The coastal city of Cape Town, located in the Western Cape of South Africa, has issued new water restrictions with the city now on the verge of running out of water.
According to Cape Town officials, the city's water supply will possibly cut off due to drought on 12 April, otherwise known as ''Day Zero.''
Even as citizens of the Cape Town have been contributing to the massive water conservation efforts to combat the area's drought, however, according to mayor Patricia de Lille, some people are ''callously'' using more than their current limit.
''We have reached a point of no return. Despite our urging for months, 60 percent of Capetonians are callously using more than 87 liters per day,'' de Lille said last week, foxnews.com reported.
The amount of water residents can use, has been capped at 50 litres daily beginning 1 Febuary, and the city may penalise households that use too much water.
"We can no longer ask people to stop wasting water. We must force them," the mayor said.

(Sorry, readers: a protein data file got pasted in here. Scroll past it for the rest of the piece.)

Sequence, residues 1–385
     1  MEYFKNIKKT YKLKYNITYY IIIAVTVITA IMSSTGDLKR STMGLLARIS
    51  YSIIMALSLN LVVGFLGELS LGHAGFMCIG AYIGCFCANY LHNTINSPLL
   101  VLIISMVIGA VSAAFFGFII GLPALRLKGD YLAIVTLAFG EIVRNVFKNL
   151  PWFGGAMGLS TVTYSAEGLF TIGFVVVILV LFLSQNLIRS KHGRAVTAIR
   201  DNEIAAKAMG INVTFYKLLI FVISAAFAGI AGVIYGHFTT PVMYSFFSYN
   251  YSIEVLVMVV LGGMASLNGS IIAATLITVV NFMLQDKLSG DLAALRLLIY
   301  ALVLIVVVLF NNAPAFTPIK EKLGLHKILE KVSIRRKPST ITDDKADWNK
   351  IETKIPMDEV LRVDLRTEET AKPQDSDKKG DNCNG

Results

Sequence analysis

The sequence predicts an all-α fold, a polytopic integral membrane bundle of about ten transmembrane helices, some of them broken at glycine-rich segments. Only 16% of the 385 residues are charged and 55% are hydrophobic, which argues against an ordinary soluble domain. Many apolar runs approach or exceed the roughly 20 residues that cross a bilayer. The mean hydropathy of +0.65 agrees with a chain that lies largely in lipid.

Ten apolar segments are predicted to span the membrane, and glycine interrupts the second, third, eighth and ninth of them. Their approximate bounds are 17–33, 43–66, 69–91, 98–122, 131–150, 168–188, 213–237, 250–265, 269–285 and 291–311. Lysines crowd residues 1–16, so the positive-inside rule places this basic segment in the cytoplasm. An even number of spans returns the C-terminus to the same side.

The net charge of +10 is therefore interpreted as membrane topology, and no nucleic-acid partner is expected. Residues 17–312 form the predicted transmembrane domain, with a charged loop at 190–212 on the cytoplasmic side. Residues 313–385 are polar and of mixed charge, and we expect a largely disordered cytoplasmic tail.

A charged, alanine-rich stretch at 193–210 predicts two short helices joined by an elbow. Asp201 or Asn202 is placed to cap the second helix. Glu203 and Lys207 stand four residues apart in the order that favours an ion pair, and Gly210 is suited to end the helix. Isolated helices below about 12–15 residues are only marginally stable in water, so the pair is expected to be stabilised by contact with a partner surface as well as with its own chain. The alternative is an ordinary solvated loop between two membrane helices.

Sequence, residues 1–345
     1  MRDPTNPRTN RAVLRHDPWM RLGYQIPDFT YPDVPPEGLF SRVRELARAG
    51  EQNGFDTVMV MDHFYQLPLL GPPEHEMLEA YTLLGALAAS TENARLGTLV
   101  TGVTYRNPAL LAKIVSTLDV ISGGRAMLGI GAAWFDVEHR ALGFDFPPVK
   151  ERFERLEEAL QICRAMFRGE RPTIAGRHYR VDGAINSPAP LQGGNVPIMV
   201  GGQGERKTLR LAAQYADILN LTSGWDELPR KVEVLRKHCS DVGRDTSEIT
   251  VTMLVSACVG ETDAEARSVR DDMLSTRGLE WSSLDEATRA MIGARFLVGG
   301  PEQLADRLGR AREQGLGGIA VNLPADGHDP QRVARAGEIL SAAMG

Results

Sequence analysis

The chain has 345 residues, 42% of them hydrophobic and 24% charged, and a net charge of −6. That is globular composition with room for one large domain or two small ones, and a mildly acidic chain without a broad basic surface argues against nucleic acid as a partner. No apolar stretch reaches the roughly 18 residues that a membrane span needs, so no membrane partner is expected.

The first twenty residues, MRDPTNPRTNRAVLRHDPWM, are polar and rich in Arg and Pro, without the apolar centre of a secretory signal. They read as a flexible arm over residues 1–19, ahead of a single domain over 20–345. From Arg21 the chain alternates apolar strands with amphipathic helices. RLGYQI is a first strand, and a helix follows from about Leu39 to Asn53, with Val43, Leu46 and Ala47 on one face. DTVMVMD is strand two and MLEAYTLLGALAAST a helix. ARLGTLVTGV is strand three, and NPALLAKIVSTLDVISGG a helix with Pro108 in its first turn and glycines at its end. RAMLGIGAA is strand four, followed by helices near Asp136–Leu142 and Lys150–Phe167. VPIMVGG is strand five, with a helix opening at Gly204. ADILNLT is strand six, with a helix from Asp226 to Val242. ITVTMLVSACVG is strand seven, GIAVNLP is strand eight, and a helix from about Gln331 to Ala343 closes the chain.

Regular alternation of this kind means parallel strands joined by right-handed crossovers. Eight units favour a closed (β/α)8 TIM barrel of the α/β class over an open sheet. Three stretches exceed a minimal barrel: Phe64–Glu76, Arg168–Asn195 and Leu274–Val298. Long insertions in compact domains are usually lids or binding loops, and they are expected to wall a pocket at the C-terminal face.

Meanwhile, officials plan to combat the drought, saying it was looking more likely that it will have to turn off most taps on "Day Zero," or 21 April stating that 60 per cent of residents are "callously" using more than the current limit and that the city will fine households that use too much water.
A few days ago, city officials had said 22 April would be Day Zero, but this week they advanced the date to 12 April.
Cape Town, which is South Africa's second-largest city, is also a top international tourist destination. According to commentators, residents will now play a new and delicate game of water math each day.
Citizens are recycling bath water to help flush toilets and are being told to limit showers to 90 seconds.
And hand sanitizer, once something of an afterthought, is now a fast selling product.
Even with the predicament they find themselves in, residents have not cut their water use significantly, said Patricia De Lille, Cape Town's mayor.